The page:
Alexandria Police Chief Earl Cook is currently mulling over a critical decision involving police resources in our neighborhood.
Before July 1 — the start of the City's new fiscal year — he must cut one of the community oriented policing (COPS) positions in the City. And that cut might involve the second officer at the Bland housing project.
Currently there are 12 community police officers in Alexandria, including 8 COPS officers and 4 resident police officers (RPOs). In Sector I of the City, there are five COPS positions: two at Bland (one an RPO), one at Samuel Madden, one in the Inner City (West Old Town) and an RPO at Andrew Adkins.
It's a popular program and many neighborhoods with crime and quality of life issues would like to have a COPS position.
However, the threat of community police cuts loomed last fall. Early this year in the FY 2011 budget process, the Police Department proposed cutting three of the COPS positions or one in each area where two officers were assigned. That meant losing the officer at Bland (while retaining the residential officer), one officer in Arlandria and one in the Lynhaven/Hume Springs neighborhood. The Police Department anticipated saving $280,000 in direct and indirect costs by chopping the positions.
City Council restored much but not all of the funding this spring. Now only one position is in jeopardy and the Growler fears the decision where to cut will be swayed as much by politics as by statistics.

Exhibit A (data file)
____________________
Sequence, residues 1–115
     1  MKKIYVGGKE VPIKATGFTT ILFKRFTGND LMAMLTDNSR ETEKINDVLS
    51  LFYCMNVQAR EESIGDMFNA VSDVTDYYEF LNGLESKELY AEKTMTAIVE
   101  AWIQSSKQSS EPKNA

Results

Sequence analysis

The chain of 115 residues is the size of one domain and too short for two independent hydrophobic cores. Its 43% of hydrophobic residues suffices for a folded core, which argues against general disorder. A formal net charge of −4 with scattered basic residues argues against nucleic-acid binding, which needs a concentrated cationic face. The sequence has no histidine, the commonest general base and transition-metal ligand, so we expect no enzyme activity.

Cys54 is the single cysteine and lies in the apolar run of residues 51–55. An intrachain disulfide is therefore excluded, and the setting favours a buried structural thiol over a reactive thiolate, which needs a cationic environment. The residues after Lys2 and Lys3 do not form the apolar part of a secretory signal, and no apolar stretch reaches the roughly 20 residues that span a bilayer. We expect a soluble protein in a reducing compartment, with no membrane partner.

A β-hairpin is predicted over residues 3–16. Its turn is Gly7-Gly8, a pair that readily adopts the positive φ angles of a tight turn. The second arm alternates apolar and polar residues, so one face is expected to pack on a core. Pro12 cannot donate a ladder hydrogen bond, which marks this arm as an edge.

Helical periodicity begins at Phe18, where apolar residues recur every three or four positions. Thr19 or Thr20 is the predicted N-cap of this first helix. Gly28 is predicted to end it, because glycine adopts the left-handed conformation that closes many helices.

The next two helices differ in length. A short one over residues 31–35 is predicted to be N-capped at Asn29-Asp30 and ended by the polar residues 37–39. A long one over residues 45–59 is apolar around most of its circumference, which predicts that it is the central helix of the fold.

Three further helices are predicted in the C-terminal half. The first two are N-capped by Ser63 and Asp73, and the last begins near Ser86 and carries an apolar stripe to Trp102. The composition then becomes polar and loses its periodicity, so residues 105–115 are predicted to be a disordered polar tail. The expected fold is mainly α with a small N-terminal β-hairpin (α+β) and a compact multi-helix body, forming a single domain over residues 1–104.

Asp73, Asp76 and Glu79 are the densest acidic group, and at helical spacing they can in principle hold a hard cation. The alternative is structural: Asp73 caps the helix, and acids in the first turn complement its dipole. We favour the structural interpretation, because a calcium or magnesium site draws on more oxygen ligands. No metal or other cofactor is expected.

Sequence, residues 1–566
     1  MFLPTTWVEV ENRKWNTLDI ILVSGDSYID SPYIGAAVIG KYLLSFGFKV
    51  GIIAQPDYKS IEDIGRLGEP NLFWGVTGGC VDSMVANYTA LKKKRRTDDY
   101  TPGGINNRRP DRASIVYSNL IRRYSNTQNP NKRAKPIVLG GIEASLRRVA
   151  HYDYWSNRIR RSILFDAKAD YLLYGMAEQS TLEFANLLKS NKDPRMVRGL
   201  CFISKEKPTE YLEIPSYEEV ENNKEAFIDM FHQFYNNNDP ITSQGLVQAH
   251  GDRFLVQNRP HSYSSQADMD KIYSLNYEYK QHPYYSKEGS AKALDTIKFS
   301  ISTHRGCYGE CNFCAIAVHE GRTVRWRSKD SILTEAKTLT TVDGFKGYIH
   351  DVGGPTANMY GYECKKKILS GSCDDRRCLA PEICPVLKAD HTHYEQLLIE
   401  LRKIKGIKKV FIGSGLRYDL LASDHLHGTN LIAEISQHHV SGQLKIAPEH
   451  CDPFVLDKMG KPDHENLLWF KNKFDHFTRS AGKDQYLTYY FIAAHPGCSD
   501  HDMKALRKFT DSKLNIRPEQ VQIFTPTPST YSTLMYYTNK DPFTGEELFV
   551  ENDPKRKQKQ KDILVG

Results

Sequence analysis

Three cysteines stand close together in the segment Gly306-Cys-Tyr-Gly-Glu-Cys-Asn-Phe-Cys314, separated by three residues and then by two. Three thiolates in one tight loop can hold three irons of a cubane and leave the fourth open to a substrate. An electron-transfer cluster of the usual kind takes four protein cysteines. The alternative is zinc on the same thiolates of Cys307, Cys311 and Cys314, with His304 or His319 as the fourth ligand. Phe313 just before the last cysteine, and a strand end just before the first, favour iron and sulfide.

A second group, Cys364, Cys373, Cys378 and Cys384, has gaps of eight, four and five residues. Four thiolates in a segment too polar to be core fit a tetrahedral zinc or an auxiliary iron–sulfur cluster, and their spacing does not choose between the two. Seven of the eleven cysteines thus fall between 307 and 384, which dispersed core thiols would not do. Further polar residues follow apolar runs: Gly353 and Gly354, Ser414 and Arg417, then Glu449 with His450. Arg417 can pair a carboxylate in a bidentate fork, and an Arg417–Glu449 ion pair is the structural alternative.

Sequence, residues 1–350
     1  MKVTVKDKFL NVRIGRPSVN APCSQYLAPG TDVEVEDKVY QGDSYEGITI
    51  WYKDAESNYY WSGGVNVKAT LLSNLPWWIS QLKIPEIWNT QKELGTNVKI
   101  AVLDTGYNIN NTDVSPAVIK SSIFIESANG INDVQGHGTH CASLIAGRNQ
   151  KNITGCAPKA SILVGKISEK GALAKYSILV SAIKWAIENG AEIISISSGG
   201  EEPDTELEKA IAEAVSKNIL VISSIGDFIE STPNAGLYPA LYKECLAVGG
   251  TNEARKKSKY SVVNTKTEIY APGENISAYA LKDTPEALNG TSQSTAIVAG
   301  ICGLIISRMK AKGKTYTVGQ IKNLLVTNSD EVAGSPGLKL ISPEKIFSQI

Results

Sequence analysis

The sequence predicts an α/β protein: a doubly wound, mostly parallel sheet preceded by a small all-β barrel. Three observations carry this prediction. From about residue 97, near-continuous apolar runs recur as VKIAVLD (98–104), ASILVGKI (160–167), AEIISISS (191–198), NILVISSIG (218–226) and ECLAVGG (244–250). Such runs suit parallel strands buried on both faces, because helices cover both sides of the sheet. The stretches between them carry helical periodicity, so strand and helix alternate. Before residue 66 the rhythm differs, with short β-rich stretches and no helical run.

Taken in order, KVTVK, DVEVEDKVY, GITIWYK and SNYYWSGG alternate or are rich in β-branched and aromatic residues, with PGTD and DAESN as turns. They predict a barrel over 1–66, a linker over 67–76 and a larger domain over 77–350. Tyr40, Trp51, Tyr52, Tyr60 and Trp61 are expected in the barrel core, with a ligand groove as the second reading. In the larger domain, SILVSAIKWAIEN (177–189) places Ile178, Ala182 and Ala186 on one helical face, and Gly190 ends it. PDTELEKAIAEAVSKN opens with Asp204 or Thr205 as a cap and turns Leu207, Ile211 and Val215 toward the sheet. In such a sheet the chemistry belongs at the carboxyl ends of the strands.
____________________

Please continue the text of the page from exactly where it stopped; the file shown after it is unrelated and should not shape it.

Why should the position at Bland be retained? When running the statistics from the Police Department Web site for Bland vs. Lynhaven and Hume Springs the past year (June 1, 2009 to May 31, 2010) the Growler found we had twice as many drug offenses as the two other areas combined (49 versus 26) and 30% more assaults (57 versus 40).
One offense in particular stands out: there were six times as many trespassing offenses at Bland as there were in Lynhaven/Hume Springs (65 compared to 11). As readers know, this difference can be attributed to the ARHA barment policy which is effective in keeping visitors with criminal convictions off the housing authority's properties.
This is significant because one trespassing arrest may prevent a host of crimes. If the capability to make these arrests is eroded because there are fewer police on hand, we are in for a potentially long, hot summer because the bad guys will find it easier to slip in. Watch the crime rate spiral then, particularly drug offenses.
One rationale the Growler suspects will probably surface for cutting the Bland officer is that redevelopment is now truly launched. However, only Phase I is underway at this time, and it covers less than a full city block, since most of the 700 block of N. Columbus Street consists of private homes. Only the tip of the iceberg will be affected this year.
So are there other alternatives?
The Growler was intrigued to notice earlier this year when the budget memos on COPS were issued that there are positions assigned to three apartment complexes elsewhere in the City: Crestview, Cameron Commons, and Hampton Court. None of these three positions was even mentioned in terms of cuts yet the crime numbers and the seriousness of offenses in those complexes pales in comparison to what happens in our neighborhood.
It is only common sense to assign police resources where they are most needed. The Bland COPS officer needs to stay.
If you want to make yourself heard on this issue, click here to send an E-mail to the Chief with a copy to the Mayor and Council.